Ted Olson obviously is a very good lawyer. In the past, that very good lawyer — and his allegiance to conservative values — has been viewed by liberals as the devil incarnate because of his role in winning Bush v. Gore.
Now that very good lawyer, along with David Boies, has pulled off a major coup in obtaining a ruling from a Judge who did not need much convincing, that there is a federal constitutional right to gay marriage, thereby invalidating California Prop. 8.
The video of Olson being interviewed by Chris Wallace (embedded below) has brought cheers for Olson because of lines such as “Well, would you like your right to free speech — would you like Fox’s right to free press put up to a vote ….”
There is a logical flaw, however, in Olson’s primary legal argument that the Judge merely followed Supreme Court precedent on the issue of marriage (emphasis mine):
As a matter of fact, since 1888 the United States Supreme Court has 14 times decided and articulated that the right to marriage is a fundamental right. We’re not talking about a new right here.
We’re talking about whether a fundamental right, something that the Supreme Court has characterized as the most fundamental relationship we have in this country, can be deprived of certain individuals because of the color of their skin or because of their sexual orientation.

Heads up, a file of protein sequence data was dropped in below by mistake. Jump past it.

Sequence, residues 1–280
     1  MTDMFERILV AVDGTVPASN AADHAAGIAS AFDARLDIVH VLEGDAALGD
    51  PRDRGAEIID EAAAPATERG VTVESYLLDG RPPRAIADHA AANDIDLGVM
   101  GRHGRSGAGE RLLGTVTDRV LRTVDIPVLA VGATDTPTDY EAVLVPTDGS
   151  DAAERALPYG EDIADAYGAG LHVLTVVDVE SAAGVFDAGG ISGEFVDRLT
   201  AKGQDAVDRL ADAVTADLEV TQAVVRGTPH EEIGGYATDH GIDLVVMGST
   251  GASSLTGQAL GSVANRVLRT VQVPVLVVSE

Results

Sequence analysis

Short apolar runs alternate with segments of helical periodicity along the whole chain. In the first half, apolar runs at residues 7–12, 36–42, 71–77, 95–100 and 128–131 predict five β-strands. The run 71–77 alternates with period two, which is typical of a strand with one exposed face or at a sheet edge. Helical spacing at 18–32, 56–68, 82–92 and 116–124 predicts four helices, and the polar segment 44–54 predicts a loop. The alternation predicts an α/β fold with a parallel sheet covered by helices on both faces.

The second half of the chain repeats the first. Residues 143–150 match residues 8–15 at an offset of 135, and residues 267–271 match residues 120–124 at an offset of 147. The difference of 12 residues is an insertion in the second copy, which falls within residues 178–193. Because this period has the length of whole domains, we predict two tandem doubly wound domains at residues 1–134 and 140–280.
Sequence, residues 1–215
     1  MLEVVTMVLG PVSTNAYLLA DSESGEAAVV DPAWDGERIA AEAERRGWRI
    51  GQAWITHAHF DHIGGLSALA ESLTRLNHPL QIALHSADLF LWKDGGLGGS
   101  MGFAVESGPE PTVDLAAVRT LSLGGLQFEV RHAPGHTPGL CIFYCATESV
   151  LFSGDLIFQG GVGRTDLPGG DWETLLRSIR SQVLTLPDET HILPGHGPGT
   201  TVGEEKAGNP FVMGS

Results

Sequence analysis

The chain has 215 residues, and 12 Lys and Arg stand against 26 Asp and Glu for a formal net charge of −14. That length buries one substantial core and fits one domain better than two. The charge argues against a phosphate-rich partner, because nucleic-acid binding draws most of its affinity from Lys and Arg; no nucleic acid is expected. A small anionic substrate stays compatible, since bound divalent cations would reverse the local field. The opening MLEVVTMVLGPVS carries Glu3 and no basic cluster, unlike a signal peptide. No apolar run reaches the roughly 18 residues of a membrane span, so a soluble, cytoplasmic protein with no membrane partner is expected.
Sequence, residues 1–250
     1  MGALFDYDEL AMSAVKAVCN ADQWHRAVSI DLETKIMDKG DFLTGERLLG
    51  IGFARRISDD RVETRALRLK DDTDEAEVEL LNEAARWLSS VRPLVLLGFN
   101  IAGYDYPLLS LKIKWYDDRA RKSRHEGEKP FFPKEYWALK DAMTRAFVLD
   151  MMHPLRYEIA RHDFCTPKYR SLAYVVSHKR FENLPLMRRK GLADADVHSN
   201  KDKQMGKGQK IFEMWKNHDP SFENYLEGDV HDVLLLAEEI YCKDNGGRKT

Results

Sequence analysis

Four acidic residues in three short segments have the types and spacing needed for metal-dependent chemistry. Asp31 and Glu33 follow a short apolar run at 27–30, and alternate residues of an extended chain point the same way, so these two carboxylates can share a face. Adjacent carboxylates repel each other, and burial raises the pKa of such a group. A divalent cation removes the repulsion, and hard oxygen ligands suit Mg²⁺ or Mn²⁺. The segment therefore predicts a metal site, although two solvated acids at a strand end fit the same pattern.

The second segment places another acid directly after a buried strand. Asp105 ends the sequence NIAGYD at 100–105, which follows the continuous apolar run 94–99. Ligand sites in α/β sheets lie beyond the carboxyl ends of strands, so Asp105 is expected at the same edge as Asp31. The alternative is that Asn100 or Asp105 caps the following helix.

The problem with this argument is that the marriages the Supreme Court has addressed in the past were marriages between one man and one woman, which the Court — in Olson’s characterization — has deemed “the most fundamental relationship we have in this country….”
On that, the supporters of Prop. 8 could agree. The traditional marriage has been recognized as being of fundamental importance to society, unlike other relationships, such as polygamy, which also have a historical and religious basis, but as to which society has made a value judgment.
By focusing on the fundamental right to marry, but ignoring that that right arose on the basis of the Supreme Court recognizing the fundamental role in society of traditional marriage, I think the legal team opposing Prop. 8 has set itself up for failure.
Olson’s argument is something of a circular firing squad. In order to prove that society has no constitutionally rational basis for making a value judgment in favor of traditional marriage, Olson needs to prove that traditional marriage is not the most fundamental relationship in society. But, according to Olson, on 14 occasions the Supreme Court has said otherwise.
[Note: The last paragraph was added after the original post.]